Conductive Education, or CE, is an educational system, based on the work of Hungarian Professor András Pető, that has been specifically developed for children and adults who have motor disorders of neurological origin such as cerebral palsy.
CE is based on the premise that a person who has a motor disorder may not only have a medical condition requiring treatment, but may often also have a major problem in learning that requires special education. Its spread has been largely due to the advocacy of families; and research studies of its efficacy have so far been inconclusive
Origins of conductive education
Conductive Education’s origin lies in the works of Hungarian Professor András Pető whose National Institute of Motor Therapy created a framework for an educational model in which children with disabilities could have an education that met their particular physical and intellectual needs.
The child is a unified whole
The detrimental effects of a brain injury impede the whole development of the child, therefore practitioners of conductive education prefer a treatment that considers the individual as a unified whole and provides an overall, holistic intervention. Holistic means that everything in life, the total functioning of the individual, personal development and social organization, is seen as interdependent, interconnected, multi- leveled, interacting and cohesive. This idea of “whole” underpins the system from which Pető thought that children with motor disorders would benefit.
Targeting the whole personality
Allport wrote that “Personality is the dynamic organization within the individual of those psycho-physical systems that determine his characteristic and behavior and thought.” This definition implies that personality is not just a sum of traits, one added to another, but rather that the different traits are held together in a special relationship to the whole. Dynamic implies that the individual's personality is constantly evolving and changing. From time to time and from one situation to another, there are changes in the structural organization which are influenced by the concept of self.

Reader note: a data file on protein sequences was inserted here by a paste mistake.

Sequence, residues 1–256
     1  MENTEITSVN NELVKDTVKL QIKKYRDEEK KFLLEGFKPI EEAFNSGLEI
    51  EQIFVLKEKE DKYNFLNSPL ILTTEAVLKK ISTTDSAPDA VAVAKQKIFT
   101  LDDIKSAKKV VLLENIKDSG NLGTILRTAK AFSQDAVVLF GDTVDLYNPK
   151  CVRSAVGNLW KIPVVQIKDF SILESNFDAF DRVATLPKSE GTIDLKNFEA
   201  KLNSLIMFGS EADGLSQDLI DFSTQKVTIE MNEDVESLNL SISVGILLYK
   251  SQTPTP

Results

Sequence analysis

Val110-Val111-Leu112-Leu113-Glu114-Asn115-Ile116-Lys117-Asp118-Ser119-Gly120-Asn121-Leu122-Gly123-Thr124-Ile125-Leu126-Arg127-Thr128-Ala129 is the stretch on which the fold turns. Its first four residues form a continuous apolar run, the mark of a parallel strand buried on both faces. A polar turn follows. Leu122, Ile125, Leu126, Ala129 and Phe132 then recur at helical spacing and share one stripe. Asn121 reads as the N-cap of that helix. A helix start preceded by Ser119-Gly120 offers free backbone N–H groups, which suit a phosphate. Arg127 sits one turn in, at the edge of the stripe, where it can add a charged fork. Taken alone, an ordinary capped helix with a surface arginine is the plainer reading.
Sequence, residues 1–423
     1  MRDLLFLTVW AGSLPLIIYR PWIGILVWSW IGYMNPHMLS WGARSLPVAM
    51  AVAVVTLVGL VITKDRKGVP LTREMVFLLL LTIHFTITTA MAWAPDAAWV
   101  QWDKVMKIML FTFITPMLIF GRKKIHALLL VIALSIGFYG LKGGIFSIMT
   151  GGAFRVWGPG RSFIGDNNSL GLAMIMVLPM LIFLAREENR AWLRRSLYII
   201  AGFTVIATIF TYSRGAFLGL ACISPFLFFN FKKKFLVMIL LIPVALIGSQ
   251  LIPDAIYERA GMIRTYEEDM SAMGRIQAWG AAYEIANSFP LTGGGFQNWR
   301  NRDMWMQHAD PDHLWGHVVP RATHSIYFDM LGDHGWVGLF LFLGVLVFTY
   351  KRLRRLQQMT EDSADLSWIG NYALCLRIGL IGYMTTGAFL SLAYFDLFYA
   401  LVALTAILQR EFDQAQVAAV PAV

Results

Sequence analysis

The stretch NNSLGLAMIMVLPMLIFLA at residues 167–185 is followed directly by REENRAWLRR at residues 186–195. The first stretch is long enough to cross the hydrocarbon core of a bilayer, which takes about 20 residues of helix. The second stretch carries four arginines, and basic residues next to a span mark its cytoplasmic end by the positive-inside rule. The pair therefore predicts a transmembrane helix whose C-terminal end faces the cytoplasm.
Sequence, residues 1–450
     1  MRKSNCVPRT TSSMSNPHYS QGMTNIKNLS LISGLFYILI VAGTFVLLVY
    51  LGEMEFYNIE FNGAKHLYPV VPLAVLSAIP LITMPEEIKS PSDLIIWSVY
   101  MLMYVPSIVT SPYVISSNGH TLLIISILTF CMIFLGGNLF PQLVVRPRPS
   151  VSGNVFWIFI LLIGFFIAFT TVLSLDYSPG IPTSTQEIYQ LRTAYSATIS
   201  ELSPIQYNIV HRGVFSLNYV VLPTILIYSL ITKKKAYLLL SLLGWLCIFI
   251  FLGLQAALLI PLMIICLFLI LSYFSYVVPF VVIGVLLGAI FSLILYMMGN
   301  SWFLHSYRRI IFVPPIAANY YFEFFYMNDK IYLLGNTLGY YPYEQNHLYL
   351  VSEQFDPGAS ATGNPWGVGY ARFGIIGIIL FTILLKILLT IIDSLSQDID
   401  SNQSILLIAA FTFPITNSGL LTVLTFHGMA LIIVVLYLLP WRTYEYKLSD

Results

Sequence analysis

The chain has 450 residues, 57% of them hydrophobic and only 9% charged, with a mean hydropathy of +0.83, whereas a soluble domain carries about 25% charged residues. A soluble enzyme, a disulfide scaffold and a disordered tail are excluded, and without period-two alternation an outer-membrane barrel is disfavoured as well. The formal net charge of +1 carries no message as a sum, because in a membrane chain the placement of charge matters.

Conductive education attempts to build up the impaired children’s personalities gradually in a manner appropriate to their age. In Pető’s system, the individual is not a recipient of treatment, s/he is an active participant in the learning process. CE is conceived of as a partnership between educator and learners to create circumstances for learning- it is an all day learning process 
Activity and intention
Pető asserted that restoring the interrupted learning process is not possible without the active participation of the individual, and that consequently passive exercises or patterns cannot change or improve the functional stage of the individual.
Continuity and consistency
In conductive education, continuity is considered necessary to reinforce a new skill. An opportunity to use the same skill for many different tasks is also considered essential. The system has to provide possibilities for children to practice emerging skills not only in specific learning situations but in the many inter-connecting, in-between situations of which life consists. In order to achieve this, CE turns any given part of a child’s day into a learning situation.
An interdisciplinary model
Pető believed that, in order to provide a unified treatment, it is vital that the group of professionals who are responsible for the program have training based on the same philosophy and relevant practice. Instead of a multidisciplinary approach, Pető applied an interdisciplinary model where a single specially trained group of professionals are responsible for the planning and implementation of the whole process.
Pető’s system consists of many interrelated facets, and an conductive educators believe that conductive education works only as a unified system, not as a composite or amalgamation.
Both a 2000 Swedish report,  and a 2003 review concluded that the research literature did not provide conclusive evidence either in support of or against conductive education, and that the limited number of studies and their poor quality made purely evidence-based decision-making about conductive education impossible.
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